Management and staff understood their responsibilities and the framework of the Mental Capacity Act 2005 (MCA) and Deprivation of Liberty Safeguards (DoLS). Action plans had been created which identified areas of improvement. However, the lack of management and direction had led to a lack of assurance that appropriate measures were being actioned to protect people’s rights and that freedom was not being inappropriately restricted.

Staff supported people to ensure they received access to healthcare services when required. Staff also worked with a range of health professionals, such as speech and language therapists and GPs, to implement care and support plans.

Qualified staff supported people satisfactorily with the administration of their medications. A robust recruitment process was in place and staff were employed upon completion of appropriate checks.

Staff were respectful and caring towards people ensuring privacy and dignity was valued. Care was provided in a way that intended to promote people’s independence and wellbeing for the majority of people.

Inspection carried out on 27 September 2013

During a routine inspection

People told us that they were very happy with the care and support provided at Dolphin Court. People said, "I am very happy here, I feel safe and the staff are kind and caring," "I feel lucky and am supported to live my life how I want to," and, "The staff are very good and supportive."

We saw that people's care needs were assessed and planned for with any risks associated with their care being minimised as far as possible. The service was caring, supportive and responsive to people's changing needs. Staff sought support from other professionals or agencies when needed.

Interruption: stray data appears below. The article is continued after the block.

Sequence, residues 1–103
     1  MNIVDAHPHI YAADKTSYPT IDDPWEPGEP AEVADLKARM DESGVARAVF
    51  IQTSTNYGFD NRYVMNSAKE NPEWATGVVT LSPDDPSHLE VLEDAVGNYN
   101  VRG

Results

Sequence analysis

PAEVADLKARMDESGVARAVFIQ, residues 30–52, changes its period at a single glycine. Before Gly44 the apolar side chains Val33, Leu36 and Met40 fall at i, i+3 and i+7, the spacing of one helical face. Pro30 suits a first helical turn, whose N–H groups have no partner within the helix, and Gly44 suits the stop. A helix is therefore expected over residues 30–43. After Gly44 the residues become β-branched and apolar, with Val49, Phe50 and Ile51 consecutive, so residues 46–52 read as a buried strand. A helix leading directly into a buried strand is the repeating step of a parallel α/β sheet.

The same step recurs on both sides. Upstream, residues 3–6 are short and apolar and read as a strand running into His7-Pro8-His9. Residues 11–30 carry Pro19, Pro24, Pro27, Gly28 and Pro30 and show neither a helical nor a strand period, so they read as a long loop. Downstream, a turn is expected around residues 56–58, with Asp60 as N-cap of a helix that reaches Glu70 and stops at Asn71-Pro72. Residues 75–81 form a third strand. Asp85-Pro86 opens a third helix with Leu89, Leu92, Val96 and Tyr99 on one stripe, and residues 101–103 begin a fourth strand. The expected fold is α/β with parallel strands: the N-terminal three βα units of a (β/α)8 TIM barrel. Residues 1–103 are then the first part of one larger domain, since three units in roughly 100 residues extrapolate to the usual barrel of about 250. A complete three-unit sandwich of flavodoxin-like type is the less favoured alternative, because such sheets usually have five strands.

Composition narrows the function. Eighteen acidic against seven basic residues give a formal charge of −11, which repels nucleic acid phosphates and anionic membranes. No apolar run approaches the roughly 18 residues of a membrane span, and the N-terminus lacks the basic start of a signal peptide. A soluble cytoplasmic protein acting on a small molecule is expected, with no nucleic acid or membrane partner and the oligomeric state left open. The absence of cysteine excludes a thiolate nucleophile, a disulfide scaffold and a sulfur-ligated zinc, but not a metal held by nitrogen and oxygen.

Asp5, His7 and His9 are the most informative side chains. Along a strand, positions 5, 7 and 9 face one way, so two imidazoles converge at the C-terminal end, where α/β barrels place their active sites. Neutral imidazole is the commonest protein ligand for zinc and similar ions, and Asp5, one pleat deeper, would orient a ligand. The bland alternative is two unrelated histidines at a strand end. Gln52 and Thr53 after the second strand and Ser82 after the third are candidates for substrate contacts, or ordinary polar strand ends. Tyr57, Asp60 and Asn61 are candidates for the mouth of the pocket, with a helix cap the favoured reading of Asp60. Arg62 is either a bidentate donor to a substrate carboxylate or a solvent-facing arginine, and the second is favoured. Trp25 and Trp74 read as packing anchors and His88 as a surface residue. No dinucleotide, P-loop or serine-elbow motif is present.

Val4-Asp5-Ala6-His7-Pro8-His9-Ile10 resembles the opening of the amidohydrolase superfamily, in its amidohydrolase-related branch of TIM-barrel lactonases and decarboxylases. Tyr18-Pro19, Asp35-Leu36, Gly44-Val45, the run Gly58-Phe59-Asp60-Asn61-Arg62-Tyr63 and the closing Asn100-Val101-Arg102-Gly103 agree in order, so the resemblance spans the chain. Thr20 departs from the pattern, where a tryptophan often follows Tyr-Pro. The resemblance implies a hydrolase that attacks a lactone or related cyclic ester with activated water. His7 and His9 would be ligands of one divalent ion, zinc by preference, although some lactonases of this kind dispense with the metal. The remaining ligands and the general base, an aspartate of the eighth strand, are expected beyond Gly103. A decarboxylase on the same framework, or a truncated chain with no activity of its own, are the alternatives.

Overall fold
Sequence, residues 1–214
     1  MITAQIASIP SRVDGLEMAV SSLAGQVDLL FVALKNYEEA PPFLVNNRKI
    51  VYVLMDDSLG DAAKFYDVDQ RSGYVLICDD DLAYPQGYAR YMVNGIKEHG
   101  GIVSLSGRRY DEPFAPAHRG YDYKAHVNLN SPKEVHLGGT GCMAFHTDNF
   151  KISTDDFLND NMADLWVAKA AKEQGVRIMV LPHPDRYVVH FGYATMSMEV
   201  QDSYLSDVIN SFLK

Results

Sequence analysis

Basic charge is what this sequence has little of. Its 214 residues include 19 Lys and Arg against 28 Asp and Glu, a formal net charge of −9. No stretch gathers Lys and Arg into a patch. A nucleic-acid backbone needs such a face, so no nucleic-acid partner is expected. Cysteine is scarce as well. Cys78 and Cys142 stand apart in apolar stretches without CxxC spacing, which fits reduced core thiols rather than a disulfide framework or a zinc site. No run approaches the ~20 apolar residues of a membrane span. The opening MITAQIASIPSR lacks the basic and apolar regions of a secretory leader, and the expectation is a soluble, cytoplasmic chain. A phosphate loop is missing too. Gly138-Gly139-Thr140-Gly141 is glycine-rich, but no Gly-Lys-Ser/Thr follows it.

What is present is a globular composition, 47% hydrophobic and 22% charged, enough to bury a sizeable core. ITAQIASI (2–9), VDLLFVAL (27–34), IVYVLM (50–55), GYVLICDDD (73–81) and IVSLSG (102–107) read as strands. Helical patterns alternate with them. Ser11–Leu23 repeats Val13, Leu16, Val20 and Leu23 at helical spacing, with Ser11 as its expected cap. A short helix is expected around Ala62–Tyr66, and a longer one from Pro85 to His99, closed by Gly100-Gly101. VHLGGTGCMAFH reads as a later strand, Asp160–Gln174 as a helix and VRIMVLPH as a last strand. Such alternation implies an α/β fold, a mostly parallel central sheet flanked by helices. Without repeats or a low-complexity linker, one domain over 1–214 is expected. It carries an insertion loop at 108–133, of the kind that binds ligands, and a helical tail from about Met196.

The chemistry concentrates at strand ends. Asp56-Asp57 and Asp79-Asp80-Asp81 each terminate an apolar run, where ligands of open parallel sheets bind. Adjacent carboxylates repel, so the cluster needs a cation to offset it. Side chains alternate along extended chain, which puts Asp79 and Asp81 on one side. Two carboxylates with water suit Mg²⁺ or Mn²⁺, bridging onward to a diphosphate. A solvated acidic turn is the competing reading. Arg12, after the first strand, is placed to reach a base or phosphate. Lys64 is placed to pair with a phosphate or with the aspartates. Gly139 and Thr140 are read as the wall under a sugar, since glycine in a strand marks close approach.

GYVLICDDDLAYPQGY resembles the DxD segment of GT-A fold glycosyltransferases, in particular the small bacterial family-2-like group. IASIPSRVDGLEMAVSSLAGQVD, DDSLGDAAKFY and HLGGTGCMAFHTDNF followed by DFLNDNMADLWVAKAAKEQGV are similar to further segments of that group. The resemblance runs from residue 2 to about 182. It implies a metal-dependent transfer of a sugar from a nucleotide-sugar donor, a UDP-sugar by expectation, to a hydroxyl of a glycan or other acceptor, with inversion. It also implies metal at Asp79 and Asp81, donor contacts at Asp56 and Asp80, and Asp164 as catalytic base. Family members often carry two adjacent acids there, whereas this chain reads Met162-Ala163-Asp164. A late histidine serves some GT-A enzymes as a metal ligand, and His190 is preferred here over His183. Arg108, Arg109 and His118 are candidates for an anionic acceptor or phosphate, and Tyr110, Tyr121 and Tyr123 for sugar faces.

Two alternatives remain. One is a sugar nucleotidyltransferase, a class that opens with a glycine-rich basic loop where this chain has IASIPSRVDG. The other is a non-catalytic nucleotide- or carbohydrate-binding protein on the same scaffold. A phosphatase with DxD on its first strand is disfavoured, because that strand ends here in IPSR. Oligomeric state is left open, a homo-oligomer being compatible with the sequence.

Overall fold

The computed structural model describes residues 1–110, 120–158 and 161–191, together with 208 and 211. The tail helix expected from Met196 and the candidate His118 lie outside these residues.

We saw that people were supported to follow their own interests. Opportunities for activity and occupation were available.

People told us that they enjoyed the variety and choice of food available at Dolphin Court. We found that people's nutritional needs were assessed and monitored to ensure their on-going wellbeing.

The service was kept clean and provided a hygienic place for people to live.

We found that the service had suitable systems in place to listen to people's views and monitor quality. This helped to ensure an effective, good quality and safe service.

Suitable records relating to people's care and the running of the service were maintained.

Inspection carried out on 24 February 2013

During a routine inspection

Many of the people living at Dolphin Court are independent and come and go as they wish. We visited on a Sunday where we found that the majority of people were out, visiting friends and relatives. We spoke with two people to find out what it was like to live in Dolphin Court. One person told us that,�I am very happy with the service, the staff are really good and provide me with as much or little support as I need�. This person told us that they have all the equipment they need to maintain their mobility and that they were able to get �Out and about on my own, which makes me feel independent�.

Another person spoken with was very complimentary about the service. They told us that, when they first came out of hospital, Dolphin Court and the staff had been a �God send�. They told us that they had received the right amount of support to help them to regain their independence, so much so that, they were now looking to move on into their own flat in the community.

We found that records relating to people who used the service were not being properly completed to provide an accurate reflection of their needs. Records relating to people�s safety and wellbeing were not readily accessible. The environment and equipment provided was fit for purpose. Staff had received training and spoke knowledgably about the people they provided care and support to.

Reports under our old system of regulation (including those from before CQC was created)